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This collection, digitized in collaboration with the Michigan Daily and the Board for Student Publications, contains materials that are protected by copyright law. Access to these materials is provided for non-profit educational and research purposes. If you use an item from this collection, it is your responsibility to consider the work's copyright status and obtain any required permission.

April 29, 1917 - Image 2

Resource type:
Text
Publication:
The Michigan Daily, 1917-04-29

Disclaimer: Computer generated plain text may have errors. Read more about this.

All

-11

c I e irl i ttn ttil ll

de Largest Assortment
fne woolens in the city is here for your inspection. We think you'll
ee that never have you seen classier fabrics. Tailored in our in-
.table style in a suit to your measure, they will make you as smartly
ssed as any man in town.

G . Wild Company

iding Merchant Tailors

STATE STREET

Lee's Slotted Throat
TENNIS RACKETS
the Slater Book Shop
hone 430 36 S. State St.
k A

Bicycles

Switzers'
Hardware

Rackets

Bicycle
Repairing
Key ;Fitting
Razor Blade
Sharpening

Base Ball
Goods

a Mowers

-310 State
Only Hardware
Near Campus

. ..._

ANNOUNCEMENT

SAM BURCHFIELD

& co.

Gives you the best Tailoring service
to be dbtained anywhere in the coun-
try, coupled with a wonderful line
of Woolens.

Official newspaper at the University of
Mi' gan. Published every mornin-g except
Mmnday during the university year.
Entered at the post-office at Ann Arbor as
second-class matter.
Otces: Ann Arbor Press Building. Sub-
scriptions: by carrier, $2.5; by mail, $3.00
Want ad. stations: Quarry's; Students' Sup
ply Store ; The Delta, cor. State and Packard.
Phones: Business, 96o; Editorial, 2414.
Communications not to exceed 3e0 words
in length, or notices of events will be pub-
lished in The Daily, at the discretion of the
Editor, if left at the office in the Ann Arbor
Press Bldg., or in the notice box in the west
corridor of the general library, where the
notices are collected at 7:30 o'clock each
evening.
John C. B. Park..........Managing Editor
Clarence T. Fishleigh-..Business Manager
Conrad N. Church.............News Editor
Lee E. Joslyn...................City Editor
Harold A. Fitzgerald.........Sports Editor
Harold C. L. Jackson.....Teleraph Editor
Marian Wilson... ..........Women's Editor
Leonard W. Nieter.... Ass't Telegraph Editor
DeForrest S. Rood..........Exchange Editor
J. E. Campbell....Assistant Business Manager
C. Philip Emery..Assistant Business Manager
Albert E. Horne.. Assistant Business Manager
Roscoe R. Rau...-Assistant Business Manager
Night Editors
C. M. tickling H. M. Carey
13. A.Swaney J. IL. Stadeker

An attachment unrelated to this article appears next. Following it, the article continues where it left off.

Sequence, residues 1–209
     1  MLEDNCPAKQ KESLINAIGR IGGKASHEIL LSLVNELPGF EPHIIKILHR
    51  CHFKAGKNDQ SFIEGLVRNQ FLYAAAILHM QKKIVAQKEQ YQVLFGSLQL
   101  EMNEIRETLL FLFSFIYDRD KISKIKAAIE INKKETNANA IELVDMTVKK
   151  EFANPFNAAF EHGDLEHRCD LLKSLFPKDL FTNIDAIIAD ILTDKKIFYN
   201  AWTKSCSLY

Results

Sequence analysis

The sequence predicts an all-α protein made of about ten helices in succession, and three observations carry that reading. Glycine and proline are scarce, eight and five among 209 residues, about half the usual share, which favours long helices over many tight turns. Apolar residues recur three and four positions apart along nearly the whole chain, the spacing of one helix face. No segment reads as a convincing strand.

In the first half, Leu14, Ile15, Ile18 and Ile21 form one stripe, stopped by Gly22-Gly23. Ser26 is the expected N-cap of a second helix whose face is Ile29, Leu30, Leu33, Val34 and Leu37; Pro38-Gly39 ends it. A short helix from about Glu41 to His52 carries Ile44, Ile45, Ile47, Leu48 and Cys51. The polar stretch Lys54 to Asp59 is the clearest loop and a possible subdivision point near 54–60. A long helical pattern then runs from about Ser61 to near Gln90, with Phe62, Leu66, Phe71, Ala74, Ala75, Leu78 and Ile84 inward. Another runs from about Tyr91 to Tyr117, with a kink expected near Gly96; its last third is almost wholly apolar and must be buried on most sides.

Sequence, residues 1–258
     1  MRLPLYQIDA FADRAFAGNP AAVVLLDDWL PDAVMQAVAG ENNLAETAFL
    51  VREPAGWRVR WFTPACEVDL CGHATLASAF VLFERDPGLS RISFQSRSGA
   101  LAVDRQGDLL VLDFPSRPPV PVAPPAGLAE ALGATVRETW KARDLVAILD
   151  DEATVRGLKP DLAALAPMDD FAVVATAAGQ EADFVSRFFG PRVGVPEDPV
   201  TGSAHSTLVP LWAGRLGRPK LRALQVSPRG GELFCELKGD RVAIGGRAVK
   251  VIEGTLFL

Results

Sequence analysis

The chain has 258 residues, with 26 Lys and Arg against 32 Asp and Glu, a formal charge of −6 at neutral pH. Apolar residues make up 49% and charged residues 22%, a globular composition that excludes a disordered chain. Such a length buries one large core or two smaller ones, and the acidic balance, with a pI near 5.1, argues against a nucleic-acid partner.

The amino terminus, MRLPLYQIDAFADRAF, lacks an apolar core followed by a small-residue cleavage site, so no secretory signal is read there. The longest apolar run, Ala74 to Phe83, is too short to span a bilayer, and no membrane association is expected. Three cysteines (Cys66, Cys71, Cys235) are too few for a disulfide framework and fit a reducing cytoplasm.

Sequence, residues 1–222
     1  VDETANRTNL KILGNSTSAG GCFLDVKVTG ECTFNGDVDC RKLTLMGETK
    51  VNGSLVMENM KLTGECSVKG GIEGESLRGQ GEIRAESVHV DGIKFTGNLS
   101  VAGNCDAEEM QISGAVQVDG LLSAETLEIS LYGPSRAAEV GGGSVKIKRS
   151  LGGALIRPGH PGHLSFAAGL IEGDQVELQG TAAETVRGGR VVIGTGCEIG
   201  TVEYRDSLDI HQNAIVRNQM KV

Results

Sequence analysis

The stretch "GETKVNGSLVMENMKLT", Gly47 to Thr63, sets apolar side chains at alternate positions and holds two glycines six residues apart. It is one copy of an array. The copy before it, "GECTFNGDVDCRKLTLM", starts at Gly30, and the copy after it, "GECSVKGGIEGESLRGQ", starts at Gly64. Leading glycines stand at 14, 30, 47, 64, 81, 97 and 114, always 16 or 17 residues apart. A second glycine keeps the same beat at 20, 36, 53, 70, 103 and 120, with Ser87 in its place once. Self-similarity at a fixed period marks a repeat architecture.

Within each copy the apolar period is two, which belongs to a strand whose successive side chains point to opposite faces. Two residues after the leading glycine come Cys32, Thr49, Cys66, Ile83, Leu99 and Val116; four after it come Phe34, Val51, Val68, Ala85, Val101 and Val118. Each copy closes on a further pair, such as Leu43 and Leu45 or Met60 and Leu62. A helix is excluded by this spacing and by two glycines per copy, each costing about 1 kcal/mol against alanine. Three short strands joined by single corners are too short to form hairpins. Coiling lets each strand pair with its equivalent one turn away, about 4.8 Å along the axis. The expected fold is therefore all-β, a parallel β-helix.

L. S.'Thompson E. L. Zeigler
Reporters
C. S. Clark James Schererhorn, Jr.
R. H. Fricken G. O. Brophy
D. H. Cruttenden Mildred C. Mighell
K. L. Wehmeyer J. P. Hart
Annetta L. Wood F. A. Taber
T. F. McAllister Allan Shoenfield
C. C. Andrews R, T. McDlonald
C. L. Goldstein
Business Staff
Paul E. Cholette Harry R. Louis
Harold Makinson Earl F. Ganschow
Harold R. Smith Seymour [3. Wilson
Walter R. Payne Bervard WohI
SUNDAY, APRIL 29, 1917.
Night Editor-D. If. Cruttenden
ADJUSTING OURSELVES TO
DEMOCRACY
The war is still less than three years
old, yet the results of the world con-
flict already accomplished are al-
most too great for the mind to grasp.
Russia has been changed from the
most autocratic monarchy to a demo-
cracy which promises to become the
United States of Russia, Germany finds
herself in the throes of a revolution
which threatens to overthrow the
kaiser and institute a parliamentary
form of government. Even in demo-
cratic England the cry has gone up
for a more truly democratic form of
government in which the executive'
office shall be made elective.
When the war began it was a fight!
for territory on the one hand, and for
the crushing of German militarism o
the other. In two years it has changed
into a gigantic strugle between demo-
cracy and autocracy, with the last.
great autocratic dynasty apparently
about to be hurled to its ruin. Out oft
the darkest period which the human
race has known is arising a new ex-
pression of the loftiest sentiments oft
an unfettered humanity.
And just as England is already con--
sidering the lesson which she mayt
draw from the political reformations
which are now taking place in Europe,
so should we pause for reflection. Is
America really free? Or, if so, has
her political freedom brought her peo-
ple that happiness which is so welcom-
ed by new freemen of Russia?
We have our political liberty, if we
care to exercise it. But it requiresT
constant progress in legislation to
keep pace with the steady march of
civilization. We must keels the two

i 4i
your duty to do, and do it to the best
of your ability.-Ohio State Lantern.
This fellow Cinnamon on the Illinois
baseball team ought to be a snappy
player.
We predict a huge crop of potato
bugs this season.
Are you going to drill, hoe, or slack
this summer?
"When Gerard tries to impeach my
patriotism he is simply lying" says
Champ Clark. And yet, Champ is
trying to block the measure which the
experience of history has proved es-
sential to successful warfare.
MEDICS ARE1ADVISEDTO
PREPARE BY, STUDYING
COUNCIL OF NATIONAL DEFENSE